Yesterday I was talking to my friend who was trying to convince me to go to the gym with him.
He used the statement “I think we should go to the gym because they have a sauna.”
He was busy thinking about his obsession with saunas, while I was imagining him using a different statement – “I feel we should go to the gym because they have a sauna.”
And I immediately ran to my computer to do some research, completely ignoring his plea for me to go to the gym with him.
What did I find?
That I failed to go to the sauna and that one question can be more persuasive than the other.
But which is it?
First, the experiment
Nicole D. Mayer and Zakary Tormala of Stanford ran an experiment where participants were presented with the frame “I think,” while others were presented with the frame “I feel.”
More specifically – One group’s message was titled “My Feelings About Blood Donation.” It started with the statement, “I feel that donating blood is one of the most important contributions I can make to society,” and included other statements, like “I feel that blood donation is the most fantastic thing I can do with 30 minutes of my free time.”
The other group’s message was titled “My Thoughts About Blood Donation,” and started with “I think donating blood is one of the most important contributions I can make to society.” It also had other arguments, such as “I think blood donation is the most fantastic thing I can do with 30 minutes of my free time.”
Here’s how it went down.
People who describe themselves as emotional were more persuaded by the feeling message, while people view themselves as cognitive were persuaded by the thinking message.
There is a best time to use the phrase “I think” and “I feel” if you want to be more persuasive, but when is it?So
So when should you use “I think” or “I feel”?
That depends on which type of person you are talking to!
Of course, if you followed the above experiment, you know that if you are talking to someone who is more emotional, you would use “I feel” and if you are talking to someone who is more cognitive, you use “I think”.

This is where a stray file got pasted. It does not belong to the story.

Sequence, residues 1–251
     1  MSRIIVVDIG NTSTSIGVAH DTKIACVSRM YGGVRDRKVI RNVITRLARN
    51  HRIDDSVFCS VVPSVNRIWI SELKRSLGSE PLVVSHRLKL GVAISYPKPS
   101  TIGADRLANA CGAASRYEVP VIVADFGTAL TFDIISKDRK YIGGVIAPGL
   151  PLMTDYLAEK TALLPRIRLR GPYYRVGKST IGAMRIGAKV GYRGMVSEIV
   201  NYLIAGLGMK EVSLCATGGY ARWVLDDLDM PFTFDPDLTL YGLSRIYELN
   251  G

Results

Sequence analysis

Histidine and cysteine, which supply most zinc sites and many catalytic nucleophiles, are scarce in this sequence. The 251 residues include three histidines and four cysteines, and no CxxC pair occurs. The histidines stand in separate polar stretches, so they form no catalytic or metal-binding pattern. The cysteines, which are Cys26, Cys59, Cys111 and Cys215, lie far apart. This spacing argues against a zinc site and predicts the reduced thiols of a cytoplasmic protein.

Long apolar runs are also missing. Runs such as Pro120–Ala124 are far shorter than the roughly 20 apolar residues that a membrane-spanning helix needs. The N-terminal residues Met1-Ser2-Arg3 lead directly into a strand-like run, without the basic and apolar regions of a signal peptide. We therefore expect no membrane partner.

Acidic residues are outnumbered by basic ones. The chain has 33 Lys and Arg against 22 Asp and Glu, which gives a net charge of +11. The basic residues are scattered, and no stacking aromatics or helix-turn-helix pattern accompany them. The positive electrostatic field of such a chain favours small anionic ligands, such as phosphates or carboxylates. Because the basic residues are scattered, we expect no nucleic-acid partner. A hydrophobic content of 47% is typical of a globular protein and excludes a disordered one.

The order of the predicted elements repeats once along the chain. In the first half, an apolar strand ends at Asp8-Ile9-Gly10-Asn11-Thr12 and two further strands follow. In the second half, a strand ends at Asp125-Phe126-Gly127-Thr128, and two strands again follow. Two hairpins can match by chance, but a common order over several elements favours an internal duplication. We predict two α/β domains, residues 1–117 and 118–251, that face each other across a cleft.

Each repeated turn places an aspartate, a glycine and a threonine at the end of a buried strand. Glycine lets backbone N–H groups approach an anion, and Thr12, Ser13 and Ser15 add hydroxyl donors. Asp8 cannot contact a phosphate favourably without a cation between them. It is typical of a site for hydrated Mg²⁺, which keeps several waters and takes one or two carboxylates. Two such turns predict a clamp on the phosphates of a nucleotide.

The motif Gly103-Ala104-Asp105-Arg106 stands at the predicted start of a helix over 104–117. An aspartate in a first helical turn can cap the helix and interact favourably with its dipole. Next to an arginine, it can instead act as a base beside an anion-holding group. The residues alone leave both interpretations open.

But it goes even further than that.
In another study, researchers found that there is a gender difference between thinking and feeling.
Women were more persuaded by ads that tapped into their emotions and men were persuaded by ads that used thinking.
Of course, that’s a broad generalization, but if you’ve never talked to someone before it’s better than nothing.
If you have talked to someone before, you’d have a better understanding of whether to use “I think” or “I feel”.
Which are you, thinking or feeling?
According to the Myers & Briggs foundation you know whether you are thinking or feeling based on how you make decisions.
I am thinking
- You weigh pros and cons and base your decision on logic.
- You are impersonal and use your head and not your heart.
- You are task-oriented.
- You look for logical solutions to almost everything.
I am feeling
- You make decisions based on the points of view and what’s best for people involved.
- You are caring and tactful in relationships.
- You are likely to use your heart rather than your head.
- You are seen as a “people person”.
Do you notice whether you use “I think” or “I feel”?
Are you going to be more aware about which you use?
Leave a comment below and let me know.
Is there someone out there who could benefit from this knowledge I dropped on you?
If so, be sure to share it with them.
Or give it to them as a birthday gift.
Share with someone you love <3